Image source: Exxon Mobil
(Reuters) – Exxon Mobil Corp, under increasing pressure from investors and climate change activists, reported for the first time the emissions that result when customers use its products such as gasoline and jet fuel.
The largest U.S. oil producer said the emissions from its product sales in 2019 were equivalent to 730 million metric tons of carbon dioxide, higher than rival oil majors. The data comes as the company has drawn the ire of an activist investor focused on its climate performance.
The so-called Scope 3 data is included in its latest Energy & Carbon Summary released Tuesday, though Exxon downplayed its significance. "Scope 3 emissions do not provide meaningful insight into the Company's emission-reduction performance," the report said.
“Even to get to the point of having them disclose this has been like pulling teeth,” said Andrew Grant at think tank Carbon Tracker Initiative. “Quite a lot of the rest of the world has moved on from the disclosure to ‘What are we going to do about this?’”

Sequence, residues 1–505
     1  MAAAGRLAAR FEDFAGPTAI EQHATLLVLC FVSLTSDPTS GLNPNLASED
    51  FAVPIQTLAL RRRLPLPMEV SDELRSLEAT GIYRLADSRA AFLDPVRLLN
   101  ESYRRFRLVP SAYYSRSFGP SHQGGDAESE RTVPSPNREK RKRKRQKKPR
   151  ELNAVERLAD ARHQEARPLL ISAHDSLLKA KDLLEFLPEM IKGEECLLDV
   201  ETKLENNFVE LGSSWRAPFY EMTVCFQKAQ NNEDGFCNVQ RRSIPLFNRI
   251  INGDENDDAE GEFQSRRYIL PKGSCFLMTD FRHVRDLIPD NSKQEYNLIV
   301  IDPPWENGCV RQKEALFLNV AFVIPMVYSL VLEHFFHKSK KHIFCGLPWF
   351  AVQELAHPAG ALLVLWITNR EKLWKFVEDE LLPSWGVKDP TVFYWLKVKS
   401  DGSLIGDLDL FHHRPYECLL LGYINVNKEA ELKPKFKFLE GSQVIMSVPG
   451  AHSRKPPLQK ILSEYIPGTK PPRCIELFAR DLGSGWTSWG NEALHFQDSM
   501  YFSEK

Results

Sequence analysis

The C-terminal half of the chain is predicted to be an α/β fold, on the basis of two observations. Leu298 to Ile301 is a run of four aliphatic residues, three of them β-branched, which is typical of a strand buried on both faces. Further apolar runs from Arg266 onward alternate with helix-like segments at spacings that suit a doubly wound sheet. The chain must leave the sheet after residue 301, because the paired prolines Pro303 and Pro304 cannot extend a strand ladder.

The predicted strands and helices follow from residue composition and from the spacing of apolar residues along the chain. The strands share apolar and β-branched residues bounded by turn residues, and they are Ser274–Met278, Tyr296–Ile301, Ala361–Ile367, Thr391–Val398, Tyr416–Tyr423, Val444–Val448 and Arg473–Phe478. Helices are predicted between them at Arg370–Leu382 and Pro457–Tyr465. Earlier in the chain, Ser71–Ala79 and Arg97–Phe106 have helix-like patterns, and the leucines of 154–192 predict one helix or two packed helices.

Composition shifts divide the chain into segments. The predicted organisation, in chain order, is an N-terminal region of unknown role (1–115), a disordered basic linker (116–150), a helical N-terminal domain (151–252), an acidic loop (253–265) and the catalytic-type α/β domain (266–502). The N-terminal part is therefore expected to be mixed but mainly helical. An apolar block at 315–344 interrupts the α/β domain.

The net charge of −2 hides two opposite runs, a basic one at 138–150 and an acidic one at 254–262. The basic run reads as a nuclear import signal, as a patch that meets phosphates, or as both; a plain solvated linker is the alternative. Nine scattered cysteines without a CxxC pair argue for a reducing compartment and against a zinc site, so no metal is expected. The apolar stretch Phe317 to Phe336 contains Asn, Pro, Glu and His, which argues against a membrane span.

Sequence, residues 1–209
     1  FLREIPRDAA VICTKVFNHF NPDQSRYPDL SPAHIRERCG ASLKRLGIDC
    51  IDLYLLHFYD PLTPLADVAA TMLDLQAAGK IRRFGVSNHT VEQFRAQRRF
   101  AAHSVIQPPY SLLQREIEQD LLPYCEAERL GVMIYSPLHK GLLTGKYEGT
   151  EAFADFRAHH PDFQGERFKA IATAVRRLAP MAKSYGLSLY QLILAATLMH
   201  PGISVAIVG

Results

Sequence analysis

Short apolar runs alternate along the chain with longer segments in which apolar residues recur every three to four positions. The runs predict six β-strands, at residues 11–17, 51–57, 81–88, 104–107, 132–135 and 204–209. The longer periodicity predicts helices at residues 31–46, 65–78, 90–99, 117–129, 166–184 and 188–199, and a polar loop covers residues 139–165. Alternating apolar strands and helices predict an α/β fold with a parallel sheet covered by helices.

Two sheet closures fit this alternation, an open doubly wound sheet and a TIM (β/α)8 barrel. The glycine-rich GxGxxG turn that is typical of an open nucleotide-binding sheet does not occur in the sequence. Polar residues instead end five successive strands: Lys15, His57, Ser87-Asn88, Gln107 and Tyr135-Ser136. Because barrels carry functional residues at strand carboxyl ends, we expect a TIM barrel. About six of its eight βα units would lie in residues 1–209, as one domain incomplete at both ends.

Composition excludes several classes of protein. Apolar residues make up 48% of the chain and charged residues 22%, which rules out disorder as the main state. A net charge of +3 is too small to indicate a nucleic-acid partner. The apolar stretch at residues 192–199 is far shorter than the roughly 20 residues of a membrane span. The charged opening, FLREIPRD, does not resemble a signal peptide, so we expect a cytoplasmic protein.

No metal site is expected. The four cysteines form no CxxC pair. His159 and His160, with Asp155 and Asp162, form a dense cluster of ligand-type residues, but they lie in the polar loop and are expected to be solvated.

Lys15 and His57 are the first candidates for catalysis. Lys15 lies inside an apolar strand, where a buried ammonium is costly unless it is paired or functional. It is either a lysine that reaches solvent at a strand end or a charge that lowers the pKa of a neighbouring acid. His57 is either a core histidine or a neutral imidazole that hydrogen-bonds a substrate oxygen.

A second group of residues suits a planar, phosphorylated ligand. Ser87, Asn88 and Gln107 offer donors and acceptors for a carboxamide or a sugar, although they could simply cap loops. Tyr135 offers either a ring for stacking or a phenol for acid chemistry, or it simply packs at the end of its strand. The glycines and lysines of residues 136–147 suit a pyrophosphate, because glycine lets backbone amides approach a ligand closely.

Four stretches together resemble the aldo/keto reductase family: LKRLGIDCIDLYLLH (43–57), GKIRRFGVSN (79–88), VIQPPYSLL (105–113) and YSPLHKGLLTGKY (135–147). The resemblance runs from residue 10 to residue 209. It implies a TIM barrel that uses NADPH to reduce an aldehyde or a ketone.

Most major oil companies already report Scope 3 emissions and some have reduction targets, including Occidental Petroleum, which in November set a goal to offset the impact of the use of its oil and gas by 2050.
Exxon said it made the disclosure due to investor interest.
“They’re seeking dollars against companies that are disclosing Scope 3,” said Danielle Fugere, president of As You Sow, a non-profit shareholder activist group. “I don’t think they have any choice.”
By 2025, Exxon targets reducing the intensity of its oilfield greenhouse gas emissions. It has not set an overall emissions target, though, so emissions could rise if production grows.
Last month, activist firm Engine No. 1 called for expanded spending and pay cuts, a board shake-up and shift to cleaner fuels. Its views are supported by California State Teachers’ Retirement System, the Church of England, and echoed in part by hedge fund D.E. Shaw, which has $50 billion under management.
Reporting by Jennifer Hiller in Houston; editing by Lisa Shumaker.